The recharge beds offer water treatment benefits, according to Horner. “In terms of water quality, these recharge beds filter out non-point source pollutants through an array of physical, chemical and biological mechanisms,” he said. “In that way, these systems achieve a high level of water-quality mitigation.”
To get full-time access to a 500-ton-per-hour asphalt plant, Lakeside Industries paved the project at night. The porous mix consisted of 0.5-in. top-size aggregate with 5.6% asphalt cement, said Larry Hansen, Lakeside’s project manager. Because the project was paved in early spring, temperatures were cool, so paving was suspended for some nights when the temperature dipped below 50°F.
“We normally worked 12.5 to 15 ft wide, and the pulls were fairly long,” Hansen said. “We needed a roller to run in front of the paver to smooth out the grade. Otherwise the base rock would rut under the weight of the trucks. We used a Shuttle Buggy to transfer asphalt into the paver from the side. The Shuttle Buggy had wide tires with a lot of flotation, so it worked fine. We never ran trucks right in front of the paver.”
Meeting the project’s production needs presented somewhat of a challenge, Hansen said. “We averaged around 2,000 tons per shift, which was about 10 to 12 hours,” Hansen said. “Paving at night actually helped, because there was a lot less traffic for the trucks to deal with.” The contract called for 28,800 tons of 0.5-in. open-graded hot mix and 12,800 tons of dense-graded asphalt.
The contractor took care not to over-compact the porous asphalt, “You reverse your thinking, compared to dense-graded asphalt,” Dittmer said. “You don’t want to close off the voids.” Compaction consisted of four to five passes at the most, then a pause, then a finish pass or two.
To put the finishing touches on the parking lot, and to further enhance the site’s innovative management of storm water, a firm called Green Works in Portland designed landscaping for three rainwater gardens, or swales. The largest of the gardens is approximately 110 by 15 ft long and runs along Marine Drive. The other two are 1,200 and 2,000 sq ft in size. All three gardens have red alder and Western red cedar trees, as well as creeping mahonia (a low ground cover) and California grey rush, a wetland plant. All three swales are connected by storm water overflow pipes.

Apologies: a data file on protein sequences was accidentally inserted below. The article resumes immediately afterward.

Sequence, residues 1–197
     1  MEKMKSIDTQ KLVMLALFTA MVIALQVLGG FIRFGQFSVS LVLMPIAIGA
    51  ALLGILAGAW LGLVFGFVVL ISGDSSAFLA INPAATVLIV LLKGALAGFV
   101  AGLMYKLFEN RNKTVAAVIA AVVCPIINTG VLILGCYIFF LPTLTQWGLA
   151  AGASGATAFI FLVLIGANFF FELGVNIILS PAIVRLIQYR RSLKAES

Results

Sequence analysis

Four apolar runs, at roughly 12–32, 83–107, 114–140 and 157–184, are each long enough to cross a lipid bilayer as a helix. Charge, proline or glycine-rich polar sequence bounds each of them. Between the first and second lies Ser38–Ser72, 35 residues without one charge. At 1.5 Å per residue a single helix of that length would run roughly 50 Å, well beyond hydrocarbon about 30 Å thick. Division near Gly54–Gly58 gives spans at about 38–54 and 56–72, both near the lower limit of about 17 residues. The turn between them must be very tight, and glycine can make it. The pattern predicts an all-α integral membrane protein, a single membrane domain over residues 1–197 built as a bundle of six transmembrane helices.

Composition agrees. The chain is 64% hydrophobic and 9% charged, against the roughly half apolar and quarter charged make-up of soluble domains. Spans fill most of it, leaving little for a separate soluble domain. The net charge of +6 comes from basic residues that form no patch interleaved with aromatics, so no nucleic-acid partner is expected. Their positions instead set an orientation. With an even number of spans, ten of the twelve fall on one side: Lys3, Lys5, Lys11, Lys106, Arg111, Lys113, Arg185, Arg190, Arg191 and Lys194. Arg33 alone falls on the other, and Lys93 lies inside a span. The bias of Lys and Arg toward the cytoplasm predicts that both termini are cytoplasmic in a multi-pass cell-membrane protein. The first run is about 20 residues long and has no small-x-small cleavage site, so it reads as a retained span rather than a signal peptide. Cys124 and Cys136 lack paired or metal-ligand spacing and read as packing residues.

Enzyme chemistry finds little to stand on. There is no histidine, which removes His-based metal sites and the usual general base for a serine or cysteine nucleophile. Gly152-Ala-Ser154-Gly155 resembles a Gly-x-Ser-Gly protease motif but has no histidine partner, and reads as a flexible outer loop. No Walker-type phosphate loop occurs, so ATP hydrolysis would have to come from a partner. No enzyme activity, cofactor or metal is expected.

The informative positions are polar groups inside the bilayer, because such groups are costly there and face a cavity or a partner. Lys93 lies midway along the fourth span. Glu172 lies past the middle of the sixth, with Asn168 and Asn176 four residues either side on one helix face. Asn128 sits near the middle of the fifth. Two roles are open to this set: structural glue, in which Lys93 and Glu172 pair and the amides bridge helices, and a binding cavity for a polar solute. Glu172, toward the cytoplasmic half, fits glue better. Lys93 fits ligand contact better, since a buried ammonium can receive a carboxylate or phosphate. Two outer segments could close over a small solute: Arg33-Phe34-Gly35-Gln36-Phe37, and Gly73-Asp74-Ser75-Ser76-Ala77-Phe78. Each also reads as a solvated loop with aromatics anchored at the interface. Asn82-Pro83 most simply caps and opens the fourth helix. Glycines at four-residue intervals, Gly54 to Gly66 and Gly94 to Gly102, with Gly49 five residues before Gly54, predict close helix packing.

“We’re very satisfied with the design,” said Jaime English, a landscape designer with Green Works.
From 1975 to 1990, Cahill designed one or two porous pavement projects per year, according to Horner. But in recent years, the firm has consulted for up to four such projects per year. “There’s been a very dramatic upturn in the popularity of these things,” he said. “We get more requests than we can handle.”
Much of the surge in popularity of porous pavement can be explained by storm water regulations backed by federal, state and local laws.
“People are taking both water quality and water quantity issues more seriously, so as a result this kind of technology is being embraced with great eagerness,” Horner said. “We have been designing these recharge beds for over 25 years now, and we have numerous projects that have achieved lasting success for that time period.”
In Portland, Dittmer said the project is working great so far. The pavement can absorb water from a 3-in. hose running full blast. Water covers approximately 12 sq ft of pavement before it flows downward into the recharge bed. “We just need to sweep it two or three times a year to keep the leaves and cottonwood seeds from plugging up the voids,” he said.
Porous pavement projects have been constructed for a wide array of clients, including corporate office complexes, industrial facilities and universities. “A lot of our clients want to be environmentally sophisticated and green,” Horner said. “This allows them to do that in a very cost-effective way.”